menu

When Comparison Helps: Part 2, 3 Steps to Positive Comparisons

When Comparison Helps: Part 2, 3 Steps to Positive Comparisons September 10, 2021

Comparison helps when we try to learn from others. When a gallery called for artwork based on the work of a famous artist, I did this painting based on a painting by Mary Cassatt. I was working from photos. I replaced her little girl with my grandson and her dog with his cat. “Eleazar in the Blue Armchair,” by Susan E. Brooks, after Cassatt.
Years later I saw the original, and there was no comparison, but I learned how I can improve my work. The artwork above is “Little Girl in a Blue Armchair” by Mary Cassatt at the National Gallery of Art in Washington, DC.

Comparison, when it brings about discouragement and envy, can be harmful. On the other hand, we can learn from it. When we view the successes of others in a positive way, comparison helps.

1. Rejoice With the Successful

Rejoice with those who rejoice; mourn with those who mourn. —Romans 12:15

Though many of us are tempted to be envious, instead, let’s rejoice with those who succeed. Look at it this way. If they can do it, you can too. And when you have an accomplishment, don’t you want your friends to be happy for you? Let’ s treat others as we want to be treated. You know—the Golden Rule.

If I am all torn up over someone’s accomplishments, maybe I can learn from those feelings. Follow the trail of resentment back to the source. Perhaps I need to change my own circumstances for the better. I may need to change jobs or end an unhealthy relationship. Do I need to check into taking classes or book a much-needed vacation? Rejoice with your friends, and if you can’t, start praying about why you’re jealous. Jealousy can point us to our deep desires and needs. Let God heal and help you with those.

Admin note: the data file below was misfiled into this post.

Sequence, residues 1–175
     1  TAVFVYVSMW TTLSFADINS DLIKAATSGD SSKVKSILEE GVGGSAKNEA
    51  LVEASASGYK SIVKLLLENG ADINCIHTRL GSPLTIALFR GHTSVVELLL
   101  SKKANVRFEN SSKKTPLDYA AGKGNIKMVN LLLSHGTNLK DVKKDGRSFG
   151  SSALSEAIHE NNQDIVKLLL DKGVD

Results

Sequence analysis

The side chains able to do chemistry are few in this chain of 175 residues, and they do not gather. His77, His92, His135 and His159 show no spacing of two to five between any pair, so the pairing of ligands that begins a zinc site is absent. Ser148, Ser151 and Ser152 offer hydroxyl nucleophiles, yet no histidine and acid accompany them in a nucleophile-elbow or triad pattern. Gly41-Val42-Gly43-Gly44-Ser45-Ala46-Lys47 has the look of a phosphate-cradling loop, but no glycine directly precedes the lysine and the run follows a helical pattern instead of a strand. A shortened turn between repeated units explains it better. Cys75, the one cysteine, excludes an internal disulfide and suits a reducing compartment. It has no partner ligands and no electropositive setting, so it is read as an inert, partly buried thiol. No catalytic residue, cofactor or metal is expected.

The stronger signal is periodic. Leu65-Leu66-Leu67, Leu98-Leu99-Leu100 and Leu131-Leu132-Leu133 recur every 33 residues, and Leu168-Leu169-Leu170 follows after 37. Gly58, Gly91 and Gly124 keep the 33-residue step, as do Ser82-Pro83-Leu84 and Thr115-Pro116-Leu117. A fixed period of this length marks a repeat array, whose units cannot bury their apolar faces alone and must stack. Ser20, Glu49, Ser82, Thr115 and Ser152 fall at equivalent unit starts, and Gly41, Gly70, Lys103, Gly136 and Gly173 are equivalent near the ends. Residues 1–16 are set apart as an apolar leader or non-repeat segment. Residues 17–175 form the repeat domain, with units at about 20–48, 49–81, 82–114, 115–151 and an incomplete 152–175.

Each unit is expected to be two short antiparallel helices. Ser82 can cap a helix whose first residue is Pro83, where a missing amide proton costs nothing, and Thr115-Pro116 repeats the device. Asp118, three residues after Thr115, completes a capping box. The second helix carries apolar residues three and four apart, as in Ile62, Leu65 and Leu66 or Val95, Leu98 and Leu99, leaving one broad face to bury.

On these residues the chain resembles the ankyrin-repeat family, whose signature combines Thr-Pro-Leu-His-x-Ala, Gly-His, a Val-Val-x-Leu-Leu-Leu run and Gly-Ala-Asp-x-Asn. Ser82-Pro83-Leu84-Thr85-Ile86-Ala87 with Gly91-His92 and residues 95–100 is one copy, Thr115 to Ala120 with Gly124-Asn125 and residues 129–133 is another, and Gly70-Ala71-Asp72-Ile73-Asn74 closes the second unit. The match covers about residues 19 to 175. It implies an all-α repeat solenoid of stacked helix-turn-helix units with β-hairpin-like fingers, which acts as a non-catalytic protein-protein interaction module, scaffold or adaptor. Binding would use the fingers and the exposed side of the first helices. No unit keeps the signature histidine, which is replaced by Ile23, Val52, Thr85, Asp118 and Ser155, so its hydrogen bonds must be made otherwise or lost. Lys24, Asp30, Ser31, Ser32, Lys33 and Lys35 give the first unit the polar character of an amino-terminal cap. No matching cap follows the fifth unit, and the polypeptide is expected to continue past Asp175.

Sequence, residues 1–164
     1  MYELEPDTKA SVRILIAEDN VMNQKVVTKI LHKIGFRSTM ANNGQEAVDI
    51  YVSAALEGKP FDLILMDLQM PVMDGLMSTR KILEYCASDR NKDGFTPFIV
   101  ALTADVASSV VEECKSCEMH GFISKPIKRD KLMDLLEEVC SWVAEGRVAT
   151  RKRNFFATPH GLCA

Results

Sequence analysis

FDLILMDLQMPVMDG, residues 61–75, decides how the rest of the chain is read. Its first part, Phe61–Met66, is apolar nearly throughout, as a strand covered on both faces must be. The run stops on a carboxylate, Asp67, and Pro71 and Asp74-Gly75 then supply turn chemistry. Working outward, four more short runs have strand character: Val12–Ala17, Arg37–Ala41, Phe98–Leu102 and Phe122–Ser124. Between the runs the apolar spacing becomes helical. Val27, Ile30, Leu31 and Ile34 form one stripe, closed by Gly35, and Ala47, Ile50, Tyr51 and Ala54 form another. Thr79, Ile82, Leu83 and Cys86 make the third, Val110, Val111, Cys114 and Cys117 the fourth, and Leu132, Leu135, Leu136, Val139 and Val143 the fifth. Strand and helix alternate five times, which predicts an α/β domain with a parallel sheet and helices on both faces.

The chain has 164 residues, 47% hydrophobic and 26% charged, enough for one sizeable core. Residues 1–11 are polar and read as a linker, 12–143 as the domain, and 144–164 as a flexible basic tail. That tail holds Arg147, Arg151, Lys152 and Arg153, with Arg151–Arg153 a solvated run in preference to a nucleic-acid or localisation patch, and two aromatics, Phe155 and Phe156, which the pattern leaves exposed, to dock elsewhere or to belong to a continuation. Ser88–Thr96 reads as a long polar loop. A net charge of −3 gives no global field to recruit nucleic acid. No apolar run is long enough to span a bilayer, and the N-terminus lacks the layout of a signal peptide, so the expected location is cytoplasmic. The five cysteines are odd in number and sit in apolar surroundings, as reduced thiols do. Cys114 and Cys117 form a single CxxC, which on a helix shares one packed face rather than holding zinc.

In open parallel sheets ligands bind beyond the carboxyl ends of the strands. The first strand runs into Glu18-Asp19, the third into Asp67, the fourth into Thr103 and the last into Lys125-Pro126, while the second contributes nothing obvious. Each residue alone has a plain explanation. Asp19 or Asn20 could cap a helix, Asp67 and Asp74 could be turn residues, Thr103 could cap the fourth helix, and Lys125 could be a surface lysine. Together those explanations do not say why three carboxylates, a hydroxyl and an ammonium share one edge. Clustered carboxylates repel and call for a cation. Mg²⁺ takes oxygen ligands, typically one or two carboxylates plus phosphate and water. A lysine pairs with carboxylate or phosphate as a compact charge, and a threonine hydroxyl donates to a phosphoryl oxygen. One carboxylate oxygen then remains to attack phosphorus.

2. Learning From Comparison

What can you learn from the triumphs of others? How did they do it? Find out how they have accomplished something you would love to do. Back when I was an art student, I recall an older man who joined our classes. He marketed his own artwork in ways I was too timid to consider. I envied his sales, but his artwork did not strike me as superior to mine. One day he said to me, “You’re more talented than I am, but you need to learn to market your work.” Let the success of others show you where you’re lacking and take steps to improve.

When I have the chance, I like to compare my artwork to that of artists I admire. Recently, I visited the National Gallery of Art in Washington, DC. I soaked in the beauty of original art I had only seen in photos. The colors in the impressionists’ paintings popped in vivid pinks and blues. The textures worked perfectly. I may never attain the level of the masters, but comparing my work with theirs is inspiring. Comparison helps when learning is the goal.

3. Remember Their Humanity

Find a beautiful piece of art. If you fall in love with Van Gogh or Matisse or John Oliver Killens, or if you fall love with the music of Coltrane, the music of Aretha Franklin, or the music of Chopin – find some beautiful art and admire it, and realize that that was created by human beings just like you, no more human, no less.

Maya Angelou

I am awed as much as anyone by the work of famous artists, but they are human, just like you and me. This kind of comparison can give us hope. What has been done by other humans can be done again by humans like us. Okay, maybe not exactly like me at this moment. I’d need to make a few changes in my lifestyle to accomplish what the masters did. And maybe I don’t have what it takes, but another human could do all that and more. And by healthy comparison, we can learn to change for the better. Let’s imitate the divine Master and “rejoice with those who rejoice.”

 

Any suggestions on dealing with comparisons? I would love to hear your thoughts in the comments.

 

I’m an artist who loves to write. If you’d like to get to know me better, please follow me on social media.

My Blog: susanebrooks.com

Instagram @sebrooks81 (Mostly Art)

Facebook, Susan E. Brooks, Artist,

Twitter @sebrooks81


Browse Our Archives